Between the years 1780 and 1790, Fuseli gets fascinated by more occult themes with an accent such as we have seen before with Dürer and Baldung Grien. He also falls in love with Anna Landolt, the niece of his friend Lavater, but is rejected by her, probably because she is already engaged to someone else and Fuseli was a very small man.

We can assume with about 99% certainty that Anna Landolt instead of raw pork is the real secret behind the power of the Incubus paintings. The first version from 1781 even shows her portrait on the back of the canvas (invisible to visitors to the Detroit Institute of Arts, the current exhibition space for the work).

Just as Francis Poulenc composed his violent and black Aubade from the broken heart that his childhood sweetheart Raymonde Linossier gave him, and Puccini wrote the opera Tosca in just two days after his wife left him because of his affair with the housemaid, Anna Landolt was very welcome to feel a demonic monkey on her chest as a black and romantic proto evidence for Freud’s theory of art as a sublimated sexual, and in this case also a somewhat misogynous, coloured, energy.

 

Henri Fuseli third Nightmare-version. Data unknown.

Henri Fuseli third Nightmare-version. Data unknown.

 

The Mare, Moar or Alp

The nightmare of Fuseli’s rejection by Anna became a very distinctive and powerful work of art, but it does have an exaggerated iconography, making the artistic value of the work (gothic pop-art) more important than the educational content. In addition to the monkey or gnome on the chest, we also see a ghostly horse’s head peeking around the corner. This horse’s head obviously represents the word “mare” in “Nightmare”, but the semantic link to a horse is based entirely on a misunderstanding.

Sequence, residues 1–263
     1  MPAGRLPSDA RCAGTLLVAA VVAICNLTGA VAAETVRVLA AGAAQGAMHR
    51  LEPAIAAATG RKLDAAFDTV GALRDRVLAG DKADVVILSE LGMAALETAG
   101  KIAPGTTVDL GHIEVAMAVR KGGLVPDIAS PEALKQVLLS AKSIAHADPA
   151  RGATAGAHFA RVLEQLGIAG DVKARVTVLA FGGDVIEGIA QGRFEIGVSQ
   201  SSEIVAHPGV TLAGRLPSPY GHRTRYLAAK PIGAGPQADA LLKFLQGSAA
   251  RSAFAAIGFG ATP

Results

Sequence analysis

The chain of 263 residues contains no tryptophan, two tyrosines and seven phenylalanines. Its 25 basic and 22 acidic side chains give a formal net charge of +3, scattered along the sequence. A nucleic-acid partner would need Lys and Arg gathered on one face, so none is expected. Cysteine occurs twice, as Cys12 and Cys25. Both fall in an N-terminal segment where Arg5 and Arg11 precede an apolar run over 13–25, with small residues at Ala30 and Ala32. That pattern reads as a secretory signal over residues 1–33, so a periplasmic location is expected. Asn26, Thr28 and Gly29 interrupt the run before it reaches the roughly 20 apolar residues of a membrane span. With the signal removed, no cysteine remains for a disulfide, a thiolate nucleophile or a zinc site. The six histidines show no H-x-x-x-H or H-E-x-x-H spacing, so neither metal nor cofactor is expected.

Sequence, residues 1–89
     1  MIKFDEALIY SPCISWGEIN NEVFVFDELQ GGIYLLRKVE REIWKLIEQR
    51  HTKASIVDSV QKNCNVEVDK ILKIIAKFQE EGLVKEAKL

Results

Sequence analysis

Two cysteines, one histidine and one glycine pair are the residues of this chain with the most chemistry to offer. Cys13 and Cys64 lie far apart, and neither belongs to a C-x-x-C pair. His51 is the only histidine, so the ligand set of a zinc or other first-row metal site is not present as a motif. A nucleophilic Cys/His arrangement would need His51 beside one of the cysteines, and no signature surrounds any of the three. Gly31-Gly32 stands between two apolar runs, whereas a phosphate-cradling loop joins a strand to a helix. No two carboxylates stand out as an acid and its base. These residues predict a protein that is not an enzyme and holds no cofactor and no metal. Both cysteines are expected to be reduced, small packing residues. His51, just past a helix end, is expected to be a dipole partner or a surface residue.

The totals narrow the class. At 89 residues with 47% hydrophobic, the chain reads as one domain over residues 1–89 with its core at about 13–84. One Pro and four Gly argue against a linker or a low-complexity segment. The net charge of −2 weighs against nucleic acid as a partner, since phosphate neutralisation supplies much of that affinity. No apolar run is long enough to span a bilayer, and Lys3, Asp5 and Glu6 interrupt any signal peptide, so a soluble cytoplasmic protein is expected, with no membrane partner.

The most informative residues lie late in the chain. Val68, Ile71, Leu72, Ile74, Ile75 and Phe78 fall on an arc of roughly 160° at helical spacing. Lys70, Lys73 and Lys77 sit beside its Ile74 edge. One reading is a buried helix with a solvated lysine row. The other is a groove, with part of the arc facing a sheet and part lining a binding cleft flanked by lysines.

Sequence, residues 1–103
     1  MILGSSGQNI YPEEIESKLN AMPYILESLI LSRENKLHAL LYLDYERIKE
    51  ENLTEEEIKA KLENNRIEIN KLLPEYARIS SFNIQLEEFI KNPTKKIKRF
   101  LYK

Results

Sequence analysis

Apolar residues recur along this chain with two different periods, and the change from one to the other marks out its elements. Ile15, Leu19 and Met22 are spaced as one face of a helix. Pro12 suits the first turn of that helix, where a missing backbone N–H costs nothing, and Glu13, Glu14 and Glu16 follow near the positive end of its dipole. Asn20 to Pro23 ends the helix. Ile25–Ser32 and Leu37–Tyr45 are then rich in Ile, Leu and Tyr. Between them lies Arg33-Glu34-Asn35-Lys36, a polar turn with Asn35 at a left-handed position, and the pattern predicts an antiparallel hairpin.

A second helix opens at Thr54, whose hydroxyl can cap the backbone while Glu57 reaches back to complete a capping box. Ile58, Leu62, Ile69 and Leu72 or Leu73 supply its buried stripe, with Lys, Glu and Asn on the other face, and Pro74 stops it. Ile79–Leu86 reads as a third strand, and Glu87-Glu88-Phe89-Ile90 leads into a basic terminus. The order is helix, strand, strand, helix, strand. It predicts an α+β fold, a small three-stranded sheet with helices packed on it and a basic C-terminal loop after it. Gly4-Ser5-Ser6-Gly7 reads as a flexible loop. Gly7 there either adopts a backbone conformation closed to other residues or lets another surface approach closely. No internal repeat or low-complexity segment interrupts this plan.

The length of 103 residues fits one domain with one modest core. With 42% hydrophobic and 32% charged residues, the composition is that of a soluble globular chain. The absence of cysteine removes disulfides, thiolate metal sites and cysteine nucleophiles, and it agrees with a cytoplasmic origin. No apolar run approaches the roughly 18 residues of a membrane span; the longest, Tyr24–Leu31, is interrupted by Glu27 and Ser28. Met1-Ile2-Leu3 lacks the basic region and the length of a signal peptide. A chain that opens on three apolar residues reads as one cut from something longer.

The words nightmare and nightmare have nothing to do with a horse and find their origin in the Northern German Moar (male) Moare (female), Moart, Mahrt or Mare and possibly, but that is speculative, Mare is again linked to the Mares of the Romans. In East Friesland there is also a Woariderske or Wäriderske and in the Wendish-Bucholz district a Murraue. The Murraue also had a male and a female form, just like the male incubus and the female succubus or succuba.

The general term for the creature that causes nightmares, however, is Alp. An attack is called Alpdrücke (the Alp pressing on the chest) and a nightmare is an Alptraum. Although not always obvious, the sexual association with nightmares is as old as the Mesopotamian mythology and the Jewish legend of Lilith.

 

Mareridt (Ride of the Mare) by the Danish painter Nicolai Abraham Abildgaard-1743-1809

Mareridt (Ride of the Mare) by the Danish painter Nicolai Abraham Abildgaard-1743-1809

 

Lilith, Samael de incubi and succubi

Originally an important Middle Eastern goddess and often fused with Inanna, Lilith became the archetype of sexual primal force that has a pariah status within the conservative Jewish culture. Legend has it that the incubi and succubi came from the community between Lilith and Samael. They were responsible for erotic fantasies, drives and desires and were particularly fond of lonely travellers and men, who had been away from their wives for a longer period of time. They caused wet dreams and thus the loss of precious life energy and from this wasted seed new incubi or succubi were born.

This belief is not limited to Jewish culture, but we also find it in the Taoists tradition in China. However, unlike Judaism, where masturbation is strictly taboo, the Taoist masters advised men who had to do without a woman for a long time to occasionally masturbate to get rid of their pai-ching (seed without vitality).

Pai-ching blocks the healthy flow of Qi or Ch’i. As for the involuntary nocturnal ejaculations, the Taoist physicians were as concerned as the Jews, because they would be caused by ghosts.